Original 18th/19th Century Persian Kulah Khud Spiked War Helmet circa 1780-1820
Original Item: Only One Available. We've all seen the Indo-Persian KULAH KHUD spiked helmets of the 18th and 19th centuries. This design goes back to the times of the Crusaders and Saladin during the battles over the Holy Land in the 13th and 14th centuries.
Our helmet is etched and chiseled steel covered in oriental designs behind a sliding nasal bar. The circular bowl shaped helmet is fully surrounded with a chain mail coif leaving an opening for the face. In addition to the Spike to the top there are two plume holders, one on each side.
In fine neglected condition having recently been discovered in an English attic where it has lain for perhaps 150 years, the war trophy of some Officers who took part in Queen Victoria's Colonial Campaigns.
Comes with wooden stand. Ready to display.
History of the Kulah Khud Helmet:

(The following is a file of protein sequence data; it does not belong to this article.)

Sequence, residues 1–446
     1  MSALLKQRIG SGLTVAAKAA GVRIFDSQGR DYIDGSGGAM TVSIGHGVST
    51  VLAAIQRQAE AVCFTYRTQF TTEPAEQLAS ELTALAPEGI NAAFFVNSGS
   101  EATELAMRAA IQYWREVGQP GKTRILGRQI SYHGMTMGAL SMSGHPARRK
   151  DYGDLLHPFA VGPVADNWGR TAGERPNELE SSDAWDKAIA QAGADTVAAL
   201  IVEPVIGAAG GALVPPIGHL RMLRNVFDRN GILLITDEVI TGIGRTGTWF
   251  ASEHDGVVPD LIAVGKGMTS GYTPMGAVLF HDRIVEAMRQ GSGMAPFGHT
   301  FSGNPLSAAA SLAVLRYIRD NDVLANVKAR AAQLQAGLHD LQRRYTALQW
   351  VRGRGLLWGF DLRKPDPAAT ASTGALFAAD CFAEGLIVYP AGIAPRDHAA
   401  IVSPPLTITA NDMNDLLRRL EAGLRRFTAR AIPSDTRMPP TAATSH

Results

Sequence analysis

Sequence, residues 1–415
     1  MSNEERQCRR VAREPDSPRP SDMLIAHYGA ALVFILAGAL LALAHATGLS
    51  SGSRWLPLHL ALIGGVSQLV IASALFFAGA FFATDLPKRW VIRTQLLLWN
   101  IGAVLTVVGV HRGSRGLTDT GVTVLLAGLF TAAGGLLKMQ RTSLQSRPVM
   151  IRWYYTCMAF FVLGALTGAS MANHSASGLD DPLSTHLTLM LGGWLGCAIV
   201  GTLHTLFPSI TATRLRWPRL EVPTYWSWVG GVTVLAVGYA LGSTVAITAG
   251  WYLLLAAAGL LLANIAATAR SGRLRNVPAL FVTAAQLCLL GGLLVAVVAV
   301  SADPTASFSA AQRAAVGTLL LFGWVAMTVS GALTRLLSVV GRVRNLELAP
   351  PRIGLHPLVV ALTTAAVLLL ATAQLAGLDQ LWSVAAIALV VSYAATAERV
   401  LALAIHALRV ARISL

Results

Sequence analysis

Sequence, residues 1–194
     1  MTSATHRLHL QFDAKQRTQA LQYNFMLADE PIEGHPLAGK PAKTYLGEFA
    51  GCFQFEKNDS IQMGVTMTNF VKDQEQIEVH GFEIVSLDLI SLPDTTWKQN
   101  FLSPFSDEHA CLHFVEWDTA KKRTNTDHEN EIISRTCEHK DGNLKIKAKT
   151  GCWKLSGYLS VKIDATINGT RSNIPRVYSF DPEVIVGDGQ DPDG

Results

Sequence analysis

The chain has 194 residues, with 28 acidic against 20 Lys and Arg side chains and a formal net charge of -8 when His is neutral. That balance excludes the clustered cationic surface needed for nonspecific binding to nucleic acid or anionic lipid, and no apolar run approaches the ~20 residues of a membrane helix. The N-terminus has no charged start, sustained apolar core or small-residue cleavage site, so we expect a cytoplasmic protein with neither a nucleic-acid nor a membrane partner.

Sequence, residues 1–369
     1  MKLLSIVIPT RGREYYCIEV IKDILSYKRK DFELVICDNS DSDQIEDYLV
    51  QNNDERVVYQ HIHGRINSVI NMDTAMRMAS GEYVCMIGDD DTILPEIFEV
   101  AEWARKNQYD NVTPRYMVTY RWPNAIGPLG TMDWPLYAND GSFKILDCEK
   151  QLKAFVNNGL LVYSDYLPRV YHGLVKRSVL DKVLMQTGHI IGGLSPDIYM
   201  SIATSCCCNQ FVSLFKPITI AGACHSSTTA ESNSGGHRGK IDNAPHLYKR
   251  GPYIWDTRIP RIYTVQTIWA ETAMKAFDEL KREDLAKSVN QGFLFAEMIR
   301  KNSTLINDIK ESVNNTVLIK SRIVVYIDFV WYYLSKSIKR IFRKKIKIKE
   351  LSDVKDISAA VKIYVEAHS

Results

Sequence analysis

Kulah Khuds (known as top in India and Devil mask among English speaking arms collectors) were used in ancient western Asia for battle and as decorative head pieces. This style of helmet originated in Central Asia, and were worn by [Persian Empire] soldiers in the 18th and 19th Centuries. Made of steel, these bowl-shaped helmets were designed as either low and flat, or high and pointed. They sometimes contained a spike socket at the top of the helmet, which resembles a spearhead with a cross-like section. Two or three plume holders were attached on either side of the skull, used to mount feathers from birds such as the egret.
The helmet had an iron-and-brass or brass-and-copper male aventail that hung at the base of the helmet to protect the neck, shoulders and the temple of the face. Sometimes, the male aventail extended down to cover the eyes and the nose. The low end of the male aventail was often shaped in a triangular pattern so they stood relatively affixed on the front and back side of the warrior's shoulder.
A bar made of iron or steel was attached to the front of the helmet with a bracket and could be adjusted in position - so when not in use, it could slide upward and fasten with a link, a hook, or a set screw. The two ends of the bar expanded into leaf-shaped plates, forming a final. In some Indian tops, the lower end of the bar was designed as a large crescent-shaped metal guard that protected most of the face below the eye level. One rare version of the helmet included three irons protecting the nose and the cheeks
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